I’ve got a bit more energy than I thought for this late afternoon/evening. So I’m going to dust off this partially written post for S U R V I V E’s Echoplex performance from Oct. 2016, and finally wrap it up. Let’s get started … and/or finished.
I was first introduced to Austin’s deep synth quartet S U R V I V E way back in 2013 – 14. I’m not entirely sure which year, since it’s practically a lifetime ago. But I know this much. I was working a late night Monday at a design company called Logan, and a coworker was assisting me on a commercial project (I’m not sure which one, either). We got to talking about the music that moves us, as I often enjoy doing, and she recommended these Austin natives.
That previous weekend, she had trekked out to the desert for an underground show (when those were still a thing), and experienced S U R V I V E’s moody atmospherics for her first time, all while rolling under the open air night time sky. Sounds like an exceptionally solid recommend to me, as well as a hell of a way to immerse oneself in the aural sensation and unfiltered harmonics of unrepressed feeling.
Well, back then, streaming wasn’t a super solid solution to music access. Neither was YouTube, or the like. So I didn’t get to to check them out right away. And for one reason or another, I didn’t outright buy any of their albums, physical or digital (which believe it or not, did have a market back then). Hence, it took me a few beats before I actually got around to experiencing their otherworldly and cosmically dark instrumentals.
What ultimately provoked me to seal the deal was this then-unknown under-the-radar Netflix series titled “Stranger Things,” which featured this incredibly hypnotic theme music over this ultra-minimalistic neon title sequence. Turns out, the score was composed by Kyle Dixon and Michael Stein, two of the four members of S U R V I V E . The remaining members are Mark Donica and Adam Jones.
I was hooked, eventually learning of their love for ’80s horror movie scores, namely the likes of John Carpenter, as well as their penchant for the analog, versus the digital, side of synth programming. It offered all the differences I needed to hear, the fright film influences splattering the sharp mood and taut intensity, the analog flourishes lending a much-needed warmth to the immersive spatial cavities of the widescreen instrumentals.
It’s probably the reason the score for “Stranger Things” works so well. And also why I chose to resurrect this particular show in the here and now … horrifying pandemic with no end in sight, terrifying election on the horizon, and all around dark times for the day to day. There’s a sound for everything, and S U R V I VE might be the one for today.
Talking about their music in terms of songs is a non-starter. They do have songs, but they play more like experiential affairs, less about the beginning, middle, and end, and more about the continuity of the moment. Not to state the obvious, but their music really does play like a soundtrack. And their albums are meant to be met as complete excursions, rather than picked apart by moments.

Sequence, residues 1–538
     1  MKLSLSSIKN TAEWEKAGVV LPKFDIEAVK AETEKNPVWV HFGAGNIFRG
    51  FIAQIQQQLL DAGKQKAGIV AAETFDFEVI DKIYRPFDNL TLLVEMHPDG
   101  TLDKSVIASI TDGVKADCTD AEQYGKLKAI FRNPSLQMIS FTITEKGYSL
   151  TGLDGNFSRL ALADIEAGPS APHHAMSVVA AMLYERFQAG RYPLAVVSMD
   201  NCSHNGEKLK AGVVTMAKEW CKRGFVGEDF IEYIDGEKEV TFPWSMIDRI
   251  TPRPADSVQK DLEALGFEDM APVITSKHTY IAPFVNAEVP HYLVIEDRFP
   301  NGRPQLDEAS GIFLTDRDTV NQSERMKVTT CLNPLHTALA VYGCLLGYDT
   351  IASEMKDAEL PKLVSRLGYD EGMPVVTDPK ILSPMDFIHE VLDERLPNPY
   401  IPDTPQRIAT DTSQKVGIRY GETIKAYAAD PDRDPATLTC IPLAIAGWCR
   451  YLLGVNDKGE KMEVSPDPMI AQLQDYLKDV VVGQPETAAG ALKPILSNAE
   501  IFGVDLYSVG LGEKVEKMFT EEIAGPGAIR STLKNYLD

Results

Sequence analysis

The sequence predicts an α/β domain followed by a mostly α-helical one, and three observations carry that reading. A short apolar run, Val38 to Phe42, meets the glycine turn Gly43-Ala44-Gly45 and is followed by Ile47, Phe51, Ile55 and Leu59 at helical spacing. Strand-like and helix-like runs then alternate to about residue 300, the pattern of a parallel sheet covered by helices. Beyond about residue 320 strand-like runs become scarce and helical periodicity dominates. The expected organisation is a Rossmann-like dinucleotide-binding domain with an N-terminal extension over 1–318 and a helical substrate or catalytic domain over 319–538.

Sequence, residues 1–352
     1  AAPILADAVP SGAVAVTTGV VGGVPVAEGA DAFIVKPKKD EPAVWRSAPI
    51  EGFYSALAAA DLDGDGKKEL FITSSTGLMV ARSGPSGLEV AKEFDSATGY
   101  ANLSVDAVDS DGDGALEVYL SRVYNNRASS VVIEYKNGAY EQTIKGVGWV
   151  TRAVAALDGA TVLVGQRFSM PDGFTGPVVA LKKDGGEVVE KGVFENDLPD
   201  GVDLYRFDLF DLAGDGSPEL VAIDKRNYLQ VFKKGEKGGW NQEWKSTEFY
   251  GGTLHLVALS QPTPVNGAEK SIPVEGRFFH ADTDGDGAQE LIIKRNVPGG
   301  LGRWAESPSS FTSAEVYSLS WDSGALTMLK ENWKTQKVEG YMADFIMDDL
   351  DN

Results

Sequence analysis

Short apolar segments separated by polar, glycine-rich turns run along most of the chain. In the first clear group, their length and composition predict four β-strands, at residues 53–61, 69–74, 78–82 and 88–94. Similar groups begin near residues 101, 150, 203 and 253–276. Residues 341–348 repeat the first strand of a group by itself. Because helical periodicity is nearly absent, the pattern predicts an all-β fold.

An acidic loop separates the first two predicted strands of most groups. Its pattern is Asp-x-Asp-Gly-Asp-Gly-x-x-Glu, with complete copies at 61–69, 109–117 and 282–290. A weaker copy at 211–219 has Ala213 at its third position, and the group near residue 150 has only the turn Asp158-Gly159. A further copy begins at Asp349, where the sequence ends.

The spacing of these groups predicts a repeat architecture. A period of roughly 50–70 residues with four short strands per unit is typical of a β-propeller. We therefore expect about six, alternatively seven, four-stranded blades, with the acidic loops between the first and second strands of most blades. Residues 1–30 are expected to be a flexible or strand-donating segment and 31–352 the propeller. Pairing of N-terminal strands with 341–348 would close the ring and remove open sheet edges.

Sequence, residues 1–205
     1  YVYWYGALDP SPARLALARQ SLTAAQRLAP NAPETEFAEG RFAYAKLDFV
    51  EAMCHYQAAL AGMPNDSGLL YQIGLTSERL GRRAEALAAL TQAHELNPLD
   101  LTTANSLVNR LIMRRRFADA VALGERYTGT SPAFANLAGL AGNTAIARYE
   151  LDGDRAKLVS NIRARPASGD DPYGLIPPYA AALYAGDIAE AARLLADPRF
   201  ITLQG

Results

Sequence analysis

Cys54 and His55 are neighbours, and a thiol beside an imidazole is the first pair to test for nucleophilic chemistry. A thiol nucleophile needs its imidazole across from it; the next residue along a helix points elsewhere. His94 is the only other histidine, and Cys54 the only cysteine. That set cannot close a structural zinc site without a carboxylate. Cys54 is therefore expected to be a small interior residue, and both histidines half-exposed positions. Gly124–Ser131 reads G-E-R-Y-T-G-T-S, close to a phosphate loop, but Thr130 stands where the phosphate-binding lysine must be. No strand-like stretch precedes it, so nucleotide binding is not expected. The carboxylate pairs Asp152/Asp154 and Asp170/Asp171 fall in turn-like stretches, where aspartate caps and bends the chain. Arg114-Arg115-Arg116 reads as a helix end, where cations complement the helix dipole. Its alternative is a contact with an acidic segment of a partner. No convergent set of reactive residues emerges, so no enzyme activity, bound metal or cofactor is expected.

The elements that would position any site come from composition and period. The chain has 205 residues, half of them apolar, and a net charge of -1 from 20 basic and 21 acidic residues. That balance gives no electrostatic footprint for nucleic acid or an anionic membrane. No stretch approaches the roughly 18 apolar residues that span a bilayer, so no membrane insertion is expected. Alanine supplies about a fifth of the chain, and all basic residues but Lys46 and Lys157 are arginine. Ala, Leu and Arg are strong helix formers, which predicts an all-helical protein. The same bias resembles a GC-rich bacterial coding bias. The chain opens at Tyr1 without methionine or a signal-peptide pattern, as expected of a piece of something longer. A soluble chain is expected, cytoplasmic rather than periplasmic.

Live, which is where this post has been headed, they’re equally consistent in their shrouds of immersive conceptual mystery, a performance intended to flow as a whole, less focused on the parts, most interested in the entirety of it all.
Bathed in virtually zero stage lighting, and set-up like a garage DIY Kraftwerk, the four members stand side by side, each with a seeming box of electronics before them, sculpting their sounds as if by magic, in the most focused improvisation that electronic conjuring can provide. And it’s summoned loud … decibels maxed enough to blanket the intimate confines of the Echoplex in a multi-layered uber-wash of ear-shattering synths and percussive programming. In short, the best way to hear it.
S U R V I V E culled material from their two cryptically titled LPS, “Mnq026” and “RR7349” (2012 and 2016, respectively), as well as a handful of EPs, and of course, the “Stranger Things” soundtrack. Their music is such that despite the diversity of sources, meaning their catalogue of releases, it all plays as degrees of expressive mood and uninhibited emotion, directing your attention down dark and twisty paths, eventually emerging in pools of light and levity, only to tilt back towards deeper contemplation and introspection.
A rock concert, this is not. But for those aural explorers interested in going all in for the mesmeric ride, allowing the music to traverse wherever and whenever it feels, regardless of pace and immediacy, S U R V I V E offered the ultimate cinematic ticket.
Here’s a sampling from their Echoplex performance on October 6, 2016. There’s five clips in total, leading off with the requisite “Stranger Things.” Roughly half of these are complete, while the remainder are excerpts. Like I said, it was long time ago, and this is what I was able to unearth from my archives.
I will say that from an enjoyable re-watch, however brief, it’s all still remarkably worthwhile, if not essential, listening material, depending on where your tastes for moody widescreen instrumentals lie. S U R V I V E’s music offers a singular diversion from the songcraft of the day to day, as well as a wholly specific take on the ’80s synth genre. That alone deserves a moment’s attention.
Enjoy this on-stage flashback from Austin’s atmospheric S U R V I V E. Maybe, like myself, it’ll serve as soundtrack to the present times. Hell, we all need something to get us through the horrors of 2020, and potentially beyond.
S U R V I V E perform “Stranger Things” at the Echoplex on 10.06.16.
S U R V I V E perform “Sorcerer” at the Echoplex on 10.06.16.
S U R V I V E perform “Hourglass” at the Echoplex on 10.06.16.
S U R V I V E perform “Wardenclyffe” at the Echoplex on 10.06.16.
S U R V I V E perform “Omniverse” at the Echoplex on 10.06.16.